Agricultural expansion is the main driver of deforestation in the Brazilian Amazon. It causes substantial losses of a unique biodiversity and severe emissions of greenhouse gases. In addition, post-deforestation land use often uses agricultural fires that frequently cause severe degradation in adjacent forests. In the past, national and international efforts reduced deforestation in the Brazilian Amazon and aimed on the prevention of agricultural fires. However, since 2016 the political developments in Brazil lowered environmental regulations and law enforcement (de Area Leão Pereira et al. 2020). Increasing rates of deforestation and fires have been reported and its intensity attracted the attention of international media. Nevertheless, it often remains unclear how different stakeholders contribute to the observed changes in deforestation and burning. In particular for fragmented landscape with smallholder agriculture the spatial resolutions of many fire- or burned area products is too coarse to differentiate between fires used for deforestation and those used for agricultural land management.
To better address this knowledge gap, we assessed the occurrence of deforestation and burned areas in Pará state. Specifically, the agricultural frontier of the Novo Progresso region is known for its high deforestation rates and raised media attention in 2019, when agricultural producers promoted a “Day of Fire” in response to president Bolsonaro’s call to use the Amazon more economically (Caetano 2021).
We used the Framework for Operational Radiometric Correction for Environmental monitoring (FORCE, Frantz 2019) to process an integrated time series of all Landsat and Sentinel-2 observations between January 2014 and October 2020. We derived clear observation sequences (COS), classified the COS with a Random Forest and aggregated class probabilities into annual COS scores (Jakimow et al. 2018) that were then translated into annual maps of burned area and land-cover. Based on these maps we assessed the average treatment effect of the last three Brazilian presidencies (2011 – 2016 Dilma Rousseff, 2016-2018 Michel Temer, since 2019 Jair Bolsonaro) on deforestation and burning. We used propensity score weighting to account for confounding variables like the slope and distance to road and then fitted and compared deforestation and burning between different land use zones and four size classes of rural properties.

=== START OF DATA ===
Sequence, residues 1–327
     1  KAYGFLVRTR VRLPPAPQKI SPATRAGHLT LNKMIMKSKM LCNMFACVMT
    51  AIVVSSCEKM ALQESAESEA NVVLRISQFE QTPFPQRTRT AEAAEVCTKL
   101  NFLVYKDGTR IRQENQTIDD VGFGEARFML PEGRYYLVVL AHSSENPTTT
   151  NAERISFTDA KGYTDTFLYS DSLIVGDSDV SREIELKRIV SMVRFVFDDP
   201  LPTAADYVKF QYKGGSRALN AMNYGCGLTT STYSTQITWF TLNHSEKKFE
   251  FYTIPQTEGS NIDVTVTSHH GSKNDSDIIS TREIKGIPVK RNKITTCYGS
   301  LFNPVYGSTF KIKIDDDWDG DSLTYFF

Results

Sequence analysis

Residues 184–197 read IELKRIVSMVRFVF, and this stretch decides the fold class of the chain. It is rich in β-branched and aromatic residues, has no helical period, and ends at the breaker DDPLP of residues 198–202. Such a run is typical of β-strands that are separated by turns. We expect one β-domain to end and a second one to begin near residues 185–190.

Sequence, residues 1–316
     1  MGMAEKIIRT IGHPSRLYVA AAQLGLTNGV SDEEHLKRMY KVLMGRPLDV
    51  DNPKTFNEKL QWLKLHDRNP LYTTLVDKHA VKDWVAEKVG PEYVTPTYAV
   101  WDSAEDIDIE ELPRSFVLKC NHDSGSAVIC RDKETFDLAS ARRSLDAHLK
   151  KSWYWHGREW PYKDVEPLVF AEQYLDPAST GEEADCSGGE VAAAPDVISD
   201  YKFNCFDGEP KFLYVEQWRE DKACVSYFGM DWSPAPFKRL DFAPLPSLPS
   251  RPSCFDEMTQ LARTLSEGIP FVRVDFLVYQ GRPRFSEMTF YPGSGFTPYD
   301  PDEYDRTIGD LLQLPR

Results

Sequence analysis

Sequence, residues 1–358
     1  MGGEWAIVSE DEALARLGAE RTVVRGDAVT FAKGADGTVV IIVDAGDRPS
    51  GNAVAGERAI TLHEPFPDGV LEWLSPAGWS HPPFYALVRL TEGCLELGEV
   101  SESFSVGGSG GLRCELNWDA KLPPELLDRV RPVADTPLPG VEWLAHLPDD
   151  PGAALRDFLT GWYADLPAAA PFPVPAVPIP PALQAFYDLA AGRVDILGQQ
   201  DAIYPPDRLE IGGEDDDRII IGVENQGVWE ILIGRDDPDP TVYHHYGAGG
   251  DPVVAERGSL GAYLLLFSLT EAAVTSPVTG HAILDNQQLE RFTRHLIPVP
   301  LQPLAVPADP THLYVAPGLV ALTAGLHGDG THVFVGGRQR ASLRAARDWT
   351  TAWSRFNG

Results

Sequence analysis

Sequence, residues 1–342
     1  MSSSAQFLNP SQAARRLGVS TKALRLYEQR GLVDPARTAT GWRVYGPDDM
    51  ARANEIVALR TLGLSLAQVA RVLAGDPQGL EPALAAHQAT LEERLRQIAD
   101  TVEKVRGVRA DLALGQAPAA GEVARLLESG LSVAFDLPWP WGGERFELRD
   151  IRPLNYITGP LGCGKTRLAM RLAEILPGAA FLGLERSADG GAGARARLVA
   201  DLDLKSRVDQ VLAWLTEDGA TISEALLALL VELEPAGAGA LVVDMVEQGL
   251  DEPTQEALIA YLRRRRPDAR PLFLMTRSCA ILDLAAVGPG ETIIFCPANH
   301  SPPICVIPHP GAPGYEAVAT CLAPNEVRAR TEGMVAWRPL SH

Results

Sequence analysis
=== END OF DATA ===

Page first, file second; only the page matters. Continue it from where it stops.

Our results showed a four-fold increase of deforestation from 2017 to 2020, i.e. after the impeachment of President Rousseff. Conservation areas showed significantly less deforestation than non-designated areas and agrarian settlements. Alarmingly this effect has been significantly lowered during the presidencies of Temer and even more so Bolsonaro. Strikingly, deforestation rates per property increased in particular on larger properties.
The burned area mapped was largest in 2017 (4,343 km²) and 2020 (4,805 km²), but the majority (> 80 %) of it was mapped on land that had been already deforested. The relative fraction that was burned compared to the individual property sizes was highest in agrarian settlement projects and smallholder properties. More broadly, our approach shows the suitability of combining maps of land-use changes and burned areas with medium to high spatial resolution with quasi-experimental methods for improving our understanding of how political changes influence the land-use of different agricultural stakeholders.
Caetano, M.A.L. (2021). Political activity in social media induces forest fires in the Brazilian Amazon. Technological Forecasting and Social Change, 167
de Area Leão Pereira, E.J., de Santana Ribeiro, L.C., da Silva Freitas, L.F., & de Barros Pereira, H.B. (2020). Brazilian policy and agribusiness damage the Amazon rainforest. Land Use Policy, 92
Frantz, D. (2019). FORCE—Landsat + Sentinel-2 Analysis Ready Data and Beyond. Remote Sensing, 11
Jakimow, B., Griffiths, P., van der Linden, S., & Hostert, P. (2018). Mapping pasture management in the Brazilian Amazon from dense Landsat time series. Remote Sensing of Environment, 205, 453-468